How good is Ori and the blind forest?
Really good. I think I wrote about it before. All the different parts have interactions between each other that enable you to do a lot of crazy things. The Bash skill in particular is a work of inspiration, the ability to grab any enemy or projectile and boost off them, sending them the opposite way. Then they let you cancel downward momentum from it with double jumps, and keep horizontal momentum from it by releasing the control stick.
My main qualms about it are that the metroidvania structure is all segmented off into these little areas that you deal with for a while before moving onto the next one, and there’s no warps. They expect you to go back and forth across this place focusing on areas at opposite ends of the map intensely, but don’t provide fast travel. It’s more tolerable in a game like symphony or super metroid, because your objectives are all over the place, so you get lead around a lot, and you don’t need to get too focused on any individual region, but you practically exhaust areas in Ori in one go, and individual areas can be rather linear, even if the world structure as a whole is nonlinear. Then they hide ability orb caches in places you need powers from later on to access, so you gotta backtrack across the whole world for 100%.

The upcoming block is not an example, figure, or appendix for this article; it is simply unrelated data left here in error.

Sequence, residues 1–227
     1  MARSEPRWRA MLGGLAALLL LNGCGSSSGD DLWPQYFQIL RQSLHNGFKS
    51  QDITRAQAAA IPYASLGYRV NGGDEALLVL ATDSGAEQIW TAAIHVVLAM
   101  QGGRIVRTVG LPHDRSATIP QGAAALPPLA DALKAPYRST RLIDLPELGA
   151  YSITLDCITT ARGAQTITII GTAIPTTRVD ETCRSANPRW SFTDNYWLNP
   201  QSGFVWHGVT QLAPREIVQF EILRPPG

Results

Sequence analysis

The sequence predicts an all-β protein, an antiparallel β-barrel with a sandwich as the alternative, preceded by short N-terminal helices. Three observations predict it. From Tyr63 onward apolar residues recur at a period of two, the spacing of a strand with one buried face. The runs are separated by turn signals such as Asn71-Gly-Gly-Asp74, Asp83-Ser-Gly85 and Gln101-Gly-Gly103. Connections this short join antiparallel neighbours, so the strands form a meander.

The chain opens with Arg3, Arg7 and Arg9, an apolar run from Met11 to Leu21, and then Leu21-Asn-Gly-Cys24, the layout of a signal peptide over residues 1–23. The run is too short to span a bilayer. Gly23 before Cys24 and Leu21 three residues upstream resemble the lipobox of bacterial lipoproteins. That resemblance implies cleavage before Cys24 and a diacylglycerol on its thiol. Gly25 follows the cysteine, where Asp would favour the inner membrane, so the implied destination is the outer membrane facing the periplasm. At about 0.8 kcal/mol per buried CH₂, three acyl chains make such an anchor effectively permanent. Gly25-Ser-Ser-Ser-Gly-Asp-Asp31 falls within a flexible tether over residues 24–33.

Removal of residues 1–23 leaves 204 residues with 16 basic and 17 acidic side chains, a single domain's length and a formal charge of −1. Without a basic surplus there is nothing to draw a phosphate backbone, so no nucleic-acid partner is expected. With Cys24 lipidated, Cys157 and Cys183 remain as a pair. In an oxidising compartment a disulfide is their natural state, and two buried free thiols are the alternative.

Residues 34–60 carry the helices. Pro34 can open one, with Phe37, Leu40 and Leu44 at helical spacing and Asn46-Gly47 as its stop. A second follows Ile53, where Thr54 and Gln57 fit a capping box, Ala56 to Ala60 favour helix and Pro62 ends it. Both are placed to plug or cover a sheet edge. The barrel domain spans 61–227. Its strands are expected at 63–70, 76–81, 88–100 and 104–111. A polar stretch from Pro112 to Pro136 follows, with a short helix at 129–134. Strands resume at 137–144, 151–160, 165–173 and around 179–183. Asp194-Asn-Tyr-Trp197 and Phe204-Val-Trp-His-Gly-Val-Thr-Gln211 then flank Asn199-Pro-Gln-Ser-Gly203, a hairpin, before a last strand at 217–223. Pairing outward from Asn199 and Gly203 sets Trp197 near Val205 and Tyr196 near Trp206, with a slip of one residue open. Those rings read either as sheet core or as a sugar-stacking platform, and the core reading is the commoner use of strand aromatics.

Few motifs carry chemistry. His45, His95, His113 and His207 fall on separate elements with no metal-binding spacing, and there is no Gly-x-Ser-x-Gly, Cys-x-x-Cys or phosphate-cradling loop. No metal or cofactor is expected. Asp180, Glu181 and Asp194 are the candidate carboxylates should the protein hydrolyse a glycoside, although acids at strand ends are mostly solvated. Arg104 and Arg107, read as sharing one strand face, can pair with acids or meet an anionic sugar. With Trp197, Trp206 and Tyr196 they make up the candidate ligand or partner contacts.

That and there’s not much of an end segment where you can use all the powers, hell, there’s not much of a middle segment where you use all the powers. I felt like I just barely got the superjump and already the game was ending.
Oh, and the speedrun really highlights the depth of interaction between the movement mechanics and level design. Like watch older runs first, then move up to newer runs. It’s really astonishing how much the game changes between them.
There’s also some clever things like having door keys not be specific to areas, but general things you can use anywhere, so you can pass door keys from some areas to others, and I think even duplicate them under some circumstances. It’s interesting how the pace at which you gain energy cells is controlled in the early game, allowing them to use those as doors, and how it counts from the usable cells, so you can spend all your cells on a door, kill an enemy, then spend the cell you get from that. The cutscene system is interesting in the way it actually manipulates objects in the world, or sets triggers for them. And the shockwave from stomp works in the air off enemies, bash resetting jumps, charge flame reflecting projectiles. The whole savestate system that costs an energy cell and has a cooldown. Barriers that can be broken with charge flame, stomp, or enemy projectiles.
There’s a massive number of subtle touches that create depth between the components and allow for alternate solutions. The game can be fairly challenging at times too and tries new things all the time.